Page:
That one is a little bit tougher. Why do you know him? I mean, you just do, right? He’s always been there at the top of American literary greatness, along with Ralph Waldo Emerson and Walt Whitman, as one of the best. There’s no question about that…right? Well, actually, no. Believe it or not, Henry David Thoreau was not well known during his lifetime. According to Wendy McElroy in her article, “Henry David Thoreau and ‘Civil Disobedience,’” his most influential political theories were mainly reserved for small lectures or brief sections of relatively obscure periodicals. She also mentions that a eulogy penned by Emerson concludes with the line, “The country knows not yet, or in the least part, how great a son it has lost.” His obituary has no mention of Civil Disobedience, and only briefly mentions Life in the Woods, capitalizing instead on his “eccentric…habits” as a naturalist.
If that’s the case, and Thoreau was relatively unknown during his lifetime, then why is it that his name and works survive today as being such a cultural landmark for our national identity? The answer has not so much to do with the work of the man born in 1817, but rather to do with a man born 100 years later, and the work he did to make Thoreau an American great. That man’s name is Walter Harding (1917-1996), and it is because of him that students from California to the epicenter of his legacy in Geneseo, NY recognize Thoreau’s name and reputation for what they are today.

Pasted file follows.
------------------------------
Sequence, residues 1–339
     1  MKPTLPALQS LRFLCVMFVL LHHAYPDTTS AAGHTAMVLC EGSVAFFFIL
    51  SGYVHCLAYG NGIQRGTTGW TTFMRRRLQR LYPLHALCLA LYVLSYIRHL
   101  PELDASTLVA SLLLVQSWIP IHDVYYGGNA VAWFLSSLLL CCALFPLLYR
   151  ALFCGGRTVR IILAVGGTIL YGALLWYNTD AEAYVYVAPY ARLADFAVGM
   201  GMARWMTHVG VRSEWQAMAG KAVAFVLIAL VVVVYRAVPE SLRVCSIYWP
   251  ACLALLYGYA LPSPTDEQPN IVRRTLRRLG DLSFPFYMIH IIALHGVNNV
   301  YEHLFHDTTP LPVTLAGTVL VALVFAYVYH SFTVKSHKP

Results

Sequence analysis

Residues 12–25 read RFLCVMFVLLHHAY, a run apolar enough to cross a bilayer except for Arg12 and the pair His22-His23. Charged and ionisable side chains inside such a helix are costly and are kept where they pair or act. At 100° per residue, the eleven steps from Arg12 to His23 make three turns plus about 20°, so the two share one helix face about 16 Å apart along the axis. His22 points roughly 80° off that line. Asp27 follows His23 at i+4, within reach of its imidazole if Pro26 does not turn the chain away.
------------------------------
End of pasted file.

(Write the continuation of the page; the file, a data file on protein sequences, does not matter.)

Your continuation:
I, along with my incredible project teammates, got the chance to interview with Mr. Harding’s son Allen recently to gauge how his father’s impact has changed the canon of American literature from what it was fifty years ago, to what it is today. The entire interview can be found at walterharding.org and I seriously encourage you to visit the site to get the sense of how Walter Harding’s work has influenced us as a college, as Americans, and as literary scholars. But more precisely, I wanted to attention to two things we’ve come across as a group that, at least for me, has changed the way I perceive Thoreau as an author. Firstly, when asked to specify his father’s lasting legacy, Allen Harding specifically pointed to his father’s role in elevating Thoreau’s status within the American cultural canon, saying: